[nSLUG] My sshd has been discovered... ;-)
jeffw at chebucto.ns.ca
Tue Aug 17 15:49:23 ADT 2004
On Tue, 2004-17-08 at 13:27 -0300, George N. White III wrote:
> On Tue, 17 Aug 2004, David Potter wrote:
> > I do think however, that allowing people to beat on machines without any
> > risk/fear of detection shifts the risk to us and consumes phenomenal
> > amounts of our time and energy - which could be put to more productive
> > use.
> The only cost-effective way to put a lid on such things is for service
> providers to block all but a few ports by default. Then you have to
> consider what criteria they use to decide whether to enable blocked ports
> for certain users. If providers hosting badly behaving machines get
> blacklisted they will have to take steps or loose customers. OTOH you
> don't want to close things down so much that everything uses port 80.
Well, I don't know. It is a very complex situation. If an ISP started
blocking everything but :80, then would they still be an /Internet/
service provider? I would say not. OTHO, ISPs have some what of a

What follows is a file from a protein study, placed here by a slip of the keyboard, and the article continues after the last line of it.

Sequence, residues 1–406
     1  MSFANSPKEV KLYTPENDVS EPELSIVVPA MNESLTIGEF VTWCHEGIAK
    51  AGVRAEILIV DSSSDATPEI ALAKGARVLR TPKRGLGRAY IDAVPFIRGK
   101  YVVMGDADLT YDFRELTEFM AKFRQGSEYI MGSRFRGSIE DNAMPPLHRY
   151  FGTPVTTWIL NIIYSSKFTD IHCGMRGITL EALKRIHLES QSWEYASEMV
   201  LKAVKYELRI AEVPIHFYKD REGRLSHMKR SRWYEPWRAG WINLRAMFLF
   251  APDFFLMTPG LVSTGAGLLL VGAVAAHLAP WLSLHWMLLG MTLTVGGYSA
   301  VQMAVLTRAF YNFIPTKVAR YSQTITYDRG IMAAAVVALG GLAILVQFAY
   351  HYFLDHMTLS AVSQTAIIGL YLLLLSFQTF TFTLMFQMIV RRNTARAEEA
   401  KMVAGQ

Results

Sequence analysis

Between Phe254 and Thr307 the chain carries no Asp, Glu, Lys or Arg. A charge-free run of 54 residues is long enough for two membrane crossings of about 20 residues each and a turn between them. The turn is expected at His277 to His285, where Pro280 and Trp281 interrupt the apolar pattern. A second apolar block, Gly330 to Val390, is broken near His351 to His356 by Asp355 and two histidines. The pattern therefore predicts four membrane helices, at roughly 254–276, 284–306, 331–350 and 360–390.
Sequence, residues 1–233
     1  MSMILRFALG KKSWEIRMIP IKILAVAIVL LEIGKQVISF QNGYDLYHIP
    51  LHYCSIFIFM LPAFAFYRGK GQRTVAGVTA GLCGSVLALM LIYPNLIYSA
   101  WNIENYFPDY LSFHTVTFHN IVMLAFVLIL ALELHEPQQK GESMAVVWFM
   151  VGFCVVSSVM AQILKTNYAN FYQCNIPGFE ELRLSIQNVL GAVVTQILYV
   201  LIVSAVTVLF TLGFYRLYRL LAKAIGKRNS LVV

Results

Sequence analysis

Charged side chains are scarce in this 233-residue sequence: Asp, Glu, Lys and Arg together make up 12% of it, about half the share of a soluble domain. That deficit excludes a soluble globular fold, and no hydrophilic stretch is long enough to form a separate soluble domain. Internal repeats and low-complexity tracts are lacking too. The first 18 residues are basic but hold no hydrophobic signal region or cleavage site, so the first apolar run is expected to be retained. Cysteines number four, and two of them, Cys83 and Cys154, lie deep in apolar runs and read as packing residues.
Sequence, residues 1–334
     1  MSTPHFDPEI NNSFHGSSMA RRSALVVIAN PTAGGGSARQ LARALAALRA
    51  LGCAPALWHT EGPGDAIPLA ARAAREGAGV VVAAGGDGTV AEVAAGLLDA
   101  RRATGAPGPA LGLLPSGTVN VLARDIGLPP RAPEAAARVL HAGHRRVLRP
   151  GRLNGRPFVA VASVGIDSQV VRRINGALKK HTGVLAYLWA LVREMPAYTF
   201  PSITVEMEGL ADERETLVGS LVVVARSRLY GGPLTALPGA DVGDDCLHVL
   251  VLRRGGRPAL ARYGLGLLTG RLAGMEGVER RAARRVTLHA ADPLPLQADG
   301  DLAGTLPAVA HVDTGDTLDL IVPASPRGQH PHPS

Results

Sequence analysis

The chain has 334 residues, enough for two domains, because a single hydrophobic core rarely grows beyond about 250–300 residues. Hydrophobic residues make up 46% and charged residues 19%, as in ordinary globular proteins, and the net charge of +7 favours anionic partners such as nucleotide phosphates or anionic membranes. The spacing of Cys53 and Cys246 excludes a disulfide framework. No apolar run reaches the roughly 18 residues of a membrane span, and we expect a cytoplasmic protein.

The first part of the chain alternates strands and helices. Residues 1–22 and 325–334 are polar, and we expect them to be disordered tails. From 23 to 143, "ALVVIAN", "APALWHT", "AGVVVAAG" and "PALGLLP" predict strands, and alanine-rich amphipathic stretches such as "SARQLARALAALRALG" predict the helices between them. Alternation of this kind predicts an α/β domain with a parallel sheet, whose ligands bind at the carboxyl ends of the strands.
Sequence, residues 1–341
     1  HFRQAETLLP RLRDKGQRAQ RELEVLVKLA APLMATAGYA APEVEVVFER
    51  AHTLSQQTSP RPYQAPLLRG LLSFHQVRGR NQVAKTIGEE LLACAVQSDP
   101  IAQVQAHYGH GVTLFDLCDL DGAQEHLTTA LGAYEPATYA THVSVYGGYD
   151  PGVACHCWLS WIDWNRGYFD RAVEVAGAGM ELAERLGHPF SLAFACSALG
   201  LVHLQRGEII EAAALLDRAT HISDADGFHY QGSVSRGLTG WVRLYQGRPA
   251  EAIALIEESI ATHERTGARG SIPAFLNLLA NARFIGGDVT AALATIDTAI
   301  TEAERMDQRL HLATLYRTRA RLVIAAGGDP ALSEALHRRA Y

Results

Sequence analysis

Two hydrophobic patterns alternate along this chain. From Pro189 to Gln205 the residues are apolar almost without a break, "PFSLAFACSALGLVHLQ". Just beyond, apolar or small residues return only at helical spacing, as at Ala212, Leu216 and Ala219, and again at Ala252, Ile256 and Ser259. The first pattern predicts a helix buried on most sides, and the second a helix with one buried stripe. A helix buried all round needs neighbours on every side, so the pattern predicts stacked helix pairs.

responsibility to the Internet community at large to not permit attacks
to originate from them, and something of a lesser responsibility to
prevent attacks on their users.
My idea is that ISPs should have infrastructure in place to easily
enable filtering so they can rapidly respond to specific, immediate,
threats, but otherwise be very, very, choosy about which ports they
block all the time. :25 is at the top of that list, in my mind. SMTP is
so screwed up these days, that this doesn't add much. Until both
authentication (to the server, not necessarily forced digital signing)
and something like SPF become standard, limiting outgoing random :25 is
a necessary evil.
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